The humble QR code, once relegated to the history of good ideas that never made it big, had a remarkable resurgence thanks to the pandemic. QR scan codes struggled for adoption early but rose to wide-spread acceptance and usage during the pandemic by restaurants not wanting to print and disinfect printed paper menus. One can now scarcely avoid seeing them in restaurants, on websites, in movie theaters and on television as they have truly become part of our everyday lives. The rise in familiarity and trust by consumers has flipped the paradigm for the humble checkered codes.
The QR code, short for Quick Response Code, is a matrix barcode created by Denso Wave in Japan originally for the automobile industry. It is a machine-readable optical label that can contain deep information including locator, identifier and tracking data that can link to applications and website pages.
The QR system became popular for its simple readability and great storage capacity, compared to standard UPC barcodes. Applications include product tracking, item identification, time tracking, document management, and of course general marketing. Mobile phone manufacturers have been paramount in the adaption of QR codes for general consumer use by integrating cameras and scanning software directly into their operating systems and camera apps. QR scan codes can be used to provide additional value and information about the product, offer discounts or promotions, or even link to a website, social media page or a strong invitation for consumers to subscribe to a mailing list for longer term engagement.
When designing packaging with a QR scan code, it’s important to make sure it’s easy to find and scan. The code should be prominently displayed on the packaging, and it should be large enough to be easily scanned. Additionally, the packaging should include instructions on how to scan the code. Minimum size for an on-package QR code is 2cm x 2cm or 0.8” x 0.8” – but it does need to be easily found on the package.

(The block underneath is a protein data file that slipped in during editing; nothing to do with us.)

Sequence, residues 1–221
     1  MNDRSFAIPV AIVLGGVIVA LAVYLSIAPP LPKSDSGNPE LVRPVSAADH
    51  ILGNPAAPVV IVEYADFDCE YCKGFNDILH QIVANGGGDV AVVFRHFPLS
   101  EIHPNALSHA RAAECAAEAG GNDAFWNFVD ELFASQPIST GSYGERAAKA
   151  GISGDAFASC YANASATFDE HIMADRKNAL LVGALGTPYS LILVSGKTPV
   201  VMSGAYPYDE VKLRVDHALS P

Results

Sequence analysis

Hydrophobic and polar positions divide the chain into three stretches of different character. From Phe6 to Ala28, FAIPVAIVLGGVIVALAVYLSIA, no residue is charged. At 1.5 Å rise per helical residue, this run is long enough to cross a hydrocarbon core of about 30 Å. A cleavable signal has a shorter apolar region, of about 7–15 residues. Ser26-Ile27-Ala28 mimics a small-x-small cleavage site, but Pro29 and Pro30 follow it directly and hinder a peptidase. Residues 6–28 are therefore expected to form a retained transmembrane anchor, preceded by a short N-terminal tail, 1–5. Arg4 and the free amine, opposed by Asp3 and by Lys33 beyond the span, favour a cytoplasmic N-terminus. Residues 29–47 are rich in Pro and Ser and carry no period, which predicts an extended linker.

In addition to the QR scan code, the packaging should also include a strong call to action. This could be something like “Scan this code for more information” or “Scan this code to get a discount.” For food and beverage products, “Scan for new recipe ideas” or “Scan for coupons on your next purchase.” For industrial products, “Scan for safety tips.” This will help encourage customers to take the desired action. In fact, research shows that 66% of customers prefer brands the provide detailed product information.*
An important decision when setting up your QR codes is whether to use a static code, simply one which is set to a single, fixed point of information, or a dynamic QR code that allows updating from your QR control panel to redirect the scans to different pieces of information whenever it becomes desirable. Editing and updating the destination of a dynamic QR code is instantaneous, so marketing is kept current without delays.
These dynamic QR codes also allow for greater data gathering every time a user scans the code, including time, day, geolocation and more. These dynamic codes let your marketing department change information, promotions, seasonal offerings, reorder/replenishing invitations, gain subscribers for emails and other information, without having to reprint your packaging.
Before you begin using QR scan codes, choose a provider that is well-tested, provides secure account management, offers any additional features, such as trackable link abbreviations, flexible formats for the QR codes (like colors, patterns and logo inclusion) and bulk code generation.
*Source: Accenture Strategy Research
The team at Bachman Brand Development can make recommendations, help you with this decision and guide you through this process. Send us a message!